Ever since George's surprise attack on landlords in 2015, the Budget has become the scariest day in a landlord's calendar. This year, it was mercifully dull – so dull that I felt the need to comb through the small print to see if anything nasty had been hidden.
I'll ignore all the talk of new garden cities, building targets and billions of new investment – because we hear it every time, and nothing much ever seems to happen. Instead, here are the few items that will be of relevance to landlords…
The headline-grabber in the Budget was the removal of Stamp Duty Land Tax (SDLT) for properties selling for under £300,000 – but only for first-time buyers. For first-time buyers buying a property up to £500,000, the first £300,000 is SDLT-free.
For investors, this doesn't make much difference – except that investors often target similar properties to first-time buyers, and they'll now find it harder to compete. For a £200,000 purchase, an investor will still need to find £7,500 in Stamp Duty whereas a first-time buyer now won't pay anything.
Unlike individuals, companies don't pay Capital Gains Tax (CGT): instead, when they sell an asset they pay Corporation Tax on the profit they realise on the gain.
Until now, companies have benefited from “indexation allowance” – meaning that effectively, any amount of gain attributable to inflation isn't taxed. From January 2018, this will be frozen (and presumably removed later).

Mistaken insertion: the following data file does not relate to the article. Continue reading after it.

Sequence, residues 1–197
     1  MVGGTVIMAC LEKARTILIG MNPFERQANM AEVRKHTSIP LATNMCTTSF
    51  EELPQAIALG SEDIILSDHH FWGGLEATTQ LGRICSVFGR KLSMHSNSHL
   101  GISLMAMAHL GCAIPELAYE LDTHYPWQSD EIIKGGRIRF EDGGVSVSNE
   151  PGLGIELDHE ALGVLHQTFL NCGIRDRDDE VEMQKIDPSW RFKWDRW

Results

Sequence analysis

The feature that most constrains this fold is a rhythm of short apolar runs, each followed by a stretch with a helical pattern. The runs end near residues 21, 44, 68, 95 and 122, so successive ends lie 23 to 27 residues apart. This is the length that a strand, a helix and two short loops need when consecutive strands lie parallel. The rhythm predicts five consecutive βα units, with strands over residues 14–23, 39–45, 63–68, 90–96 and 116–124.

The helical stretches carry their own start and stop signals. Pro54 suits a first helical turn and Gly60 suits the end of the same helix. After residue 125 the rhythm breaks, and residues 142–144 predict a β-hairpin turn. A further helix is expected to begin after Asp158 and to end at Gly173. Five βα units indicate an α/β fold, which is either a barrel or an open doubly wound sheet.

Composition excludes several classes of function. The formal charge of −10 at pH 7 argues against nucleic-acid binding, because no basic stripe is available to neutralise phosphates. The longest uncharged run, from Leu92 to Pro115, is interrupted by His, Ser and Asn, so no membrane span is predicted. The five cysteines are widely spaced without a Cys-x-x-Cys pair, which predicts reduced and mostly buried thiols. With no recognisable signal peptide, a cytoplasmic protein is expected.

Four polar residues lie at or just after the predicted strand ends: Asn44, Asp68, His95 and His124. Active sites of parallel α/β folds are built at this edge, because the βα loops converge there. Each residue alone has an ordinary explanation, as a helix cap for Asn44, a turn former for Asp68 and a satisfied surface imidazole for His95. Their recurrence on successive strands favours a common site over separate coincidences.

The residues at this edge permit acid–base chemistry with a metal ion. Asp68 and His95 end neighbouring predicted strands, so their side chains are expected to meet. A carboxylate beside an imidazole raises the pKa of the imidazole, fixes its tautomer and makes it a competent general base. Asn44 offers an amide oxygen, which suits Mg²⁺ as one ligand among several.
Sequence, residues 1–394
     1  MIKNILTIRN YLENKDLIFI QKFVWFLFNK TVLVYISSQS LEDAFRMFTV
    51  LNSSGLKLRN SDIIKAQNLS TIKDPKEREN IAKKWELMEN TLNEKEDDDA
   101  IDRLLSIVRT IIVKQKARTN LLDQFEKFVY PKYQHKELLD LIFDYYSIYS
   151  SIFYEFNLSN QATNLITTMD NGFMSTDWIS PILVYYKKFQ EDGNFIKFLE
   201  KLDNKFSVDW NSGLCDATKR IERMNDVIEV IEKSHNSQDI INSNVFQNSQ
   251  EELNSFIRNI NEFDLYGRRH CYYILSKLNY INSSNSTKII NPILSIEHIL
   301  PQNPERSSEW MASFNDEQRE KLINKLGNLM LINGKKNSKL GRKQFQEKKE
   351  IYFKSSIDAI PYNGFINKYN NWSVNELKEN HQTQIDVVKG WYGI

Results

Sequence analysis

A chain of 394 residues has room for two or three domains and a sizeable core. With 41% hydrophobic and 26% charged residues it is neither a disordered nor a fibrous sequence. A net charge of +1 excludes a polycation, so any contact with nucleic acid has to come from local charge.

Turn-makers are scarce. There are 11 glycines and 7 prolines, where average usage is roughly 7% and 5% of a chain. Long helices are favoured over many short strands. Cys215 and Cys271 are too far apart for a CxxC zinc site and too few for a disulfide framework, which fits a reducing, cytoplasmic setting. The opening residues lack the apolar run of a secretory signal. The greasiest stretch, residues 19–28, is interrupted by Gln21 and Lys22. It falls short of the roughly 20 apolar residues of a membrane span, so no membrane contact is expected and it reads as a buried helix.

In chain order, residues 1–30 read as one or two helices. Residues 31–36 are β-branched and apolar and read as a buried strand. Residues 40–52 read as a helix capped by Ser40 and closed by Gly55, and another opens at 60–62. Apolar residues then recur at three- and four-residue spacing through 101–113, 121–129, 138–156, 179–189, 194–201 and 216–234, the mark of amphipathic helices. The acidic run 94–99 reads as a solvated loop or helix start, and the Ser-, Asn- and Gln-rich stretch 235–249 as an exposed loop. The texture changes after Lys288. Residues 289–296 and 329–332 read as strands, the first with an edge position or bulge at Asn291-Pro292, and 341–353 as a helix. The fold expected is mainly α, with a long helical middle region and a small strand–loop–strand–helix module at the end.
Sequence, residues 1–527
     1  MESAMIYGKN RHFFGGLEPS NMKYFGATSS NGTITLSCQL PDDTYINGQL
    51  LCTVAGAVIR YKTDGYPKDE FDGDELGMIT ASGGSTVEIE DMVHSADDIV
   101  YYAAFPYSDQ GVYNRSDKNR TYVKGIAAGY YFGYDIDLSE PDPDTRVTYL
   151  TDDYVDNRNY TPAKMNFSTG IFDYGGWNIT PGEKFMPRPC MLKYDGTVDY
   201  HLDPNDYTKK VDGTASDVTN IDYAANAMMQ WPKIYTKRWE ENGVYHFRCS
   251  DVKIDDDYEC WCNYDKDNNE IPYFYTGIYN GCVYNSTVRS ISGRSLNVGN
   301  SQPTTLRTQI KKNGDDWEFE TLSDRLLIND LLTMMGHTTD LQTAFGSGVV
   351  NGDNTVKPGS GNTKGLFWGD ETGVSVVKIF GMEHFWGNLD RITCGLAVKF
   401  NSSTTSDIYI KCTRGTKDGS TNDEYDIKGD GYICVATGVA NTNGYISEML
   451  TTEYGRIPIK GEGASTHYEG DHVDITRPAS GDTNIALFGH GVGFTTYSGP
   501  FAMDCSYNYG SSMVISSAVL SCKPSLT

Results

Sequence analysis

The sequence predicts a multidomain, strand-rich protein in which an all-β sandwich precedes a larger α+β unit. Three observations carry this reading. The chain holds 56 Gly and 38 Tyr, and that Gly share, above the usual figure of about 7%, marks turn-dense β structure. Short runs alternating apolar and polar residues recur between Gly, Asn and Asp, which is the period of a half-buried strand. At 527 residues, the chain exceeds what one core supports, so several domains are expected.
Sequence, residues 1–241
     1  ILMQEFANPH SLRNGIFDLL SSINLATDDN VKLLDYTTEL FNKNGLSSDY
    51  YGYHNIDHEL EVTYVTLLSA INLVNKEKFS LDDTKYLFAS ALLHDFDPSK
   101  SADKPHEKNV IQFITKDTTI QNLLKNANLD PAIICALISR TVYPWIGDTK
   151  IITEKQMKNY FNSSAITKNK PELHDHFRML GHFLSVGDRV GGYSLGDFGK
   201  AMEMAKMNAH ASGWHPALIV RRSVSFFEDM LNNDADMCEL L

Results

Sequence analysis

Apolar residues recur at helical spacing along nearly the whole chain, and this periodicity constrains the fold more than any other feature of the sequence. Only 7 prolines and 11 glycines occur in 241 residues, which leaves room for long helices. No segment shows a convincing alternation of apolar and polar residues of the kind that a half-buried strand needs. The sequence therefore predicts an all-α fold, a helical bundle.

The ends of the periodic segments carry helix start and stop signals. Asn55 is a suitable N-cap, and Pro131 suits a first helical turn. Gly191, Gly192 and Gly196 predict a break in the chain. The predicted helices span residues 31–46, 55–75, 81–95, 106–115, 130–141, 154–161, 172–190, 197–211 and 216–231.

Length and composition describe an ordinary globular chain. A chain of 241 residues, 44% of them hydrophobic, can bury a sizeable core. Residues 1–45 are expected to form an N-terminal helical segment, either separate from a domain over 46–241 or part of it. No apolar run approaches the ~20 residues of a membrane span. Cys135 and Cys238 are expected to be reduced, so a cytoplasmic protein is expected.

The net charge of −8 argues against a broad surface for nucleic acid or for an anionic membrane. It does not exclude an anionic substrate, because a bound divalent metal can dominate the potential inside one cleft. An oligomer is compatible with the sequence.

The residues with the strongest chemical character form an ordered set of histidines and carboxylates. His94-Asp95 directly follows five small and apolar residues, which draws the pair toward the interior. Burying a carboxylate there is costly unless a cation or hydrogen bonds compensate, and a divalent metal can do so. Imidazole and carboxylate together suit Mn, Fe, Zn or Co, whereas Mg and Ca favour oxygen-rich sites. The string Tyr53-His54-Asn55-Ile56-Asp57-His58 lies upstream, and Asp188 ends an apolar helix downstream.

This isn't a retrospective change, so if you already own property in a company you can claim this allowance for any gains up until January 2018.
This just brings companies into line with individuals, and many landlords with property in a company probably didn't know the relief existed anyway so won't feel too hard done-by. Also, because company gains attract Corporation Tax rather than CGT, they're taxed at 19% (currently) rather than the top personal CGT rate of 28% – although companies don't benefit from a CGT allowance, so it's swings and roundabouts really.
The Budget contained an announcement that councils would be allowed to charge a 100% Council Tax premium on empty properties – effectively meaning that you can be charged double for leaving a property empty.
At first this seemed like it could be an extra expense for properties that are empty between tenancies or undergoing light refurbishment, as councils are unnaturally efficient at getting a bill through the door as soon as a property becomes empty.
But it turns out that this only applies to properties that have been empty for two years. And if you've got a property that's been empty for that long, you really need to get a move on with your refurb or rethink your marketing.
Not actually part of the Budget, but the previously-announced-then-shelved reduction in the dividend allowance is now back on the agenda and seems like it will come in from April 2018.
Previously, everyone could earn £5,000 per year from dividends without any tax being due. Now, that allowance is being cut to £2,000.
That's bad news for anyone who owns property in a company and wants to extract profits in the form of dividends (which is typical), because now a greater amount of those dividends will be taxed.
As previously announced, the government has said again that it will be “consulting” on incentives for allowing longer tenancies – but there's still no more detail on what that might look like. I'm hoping for a cuddly toy, personally.
And that's that! We can all breathe a sigh of relief until Spring…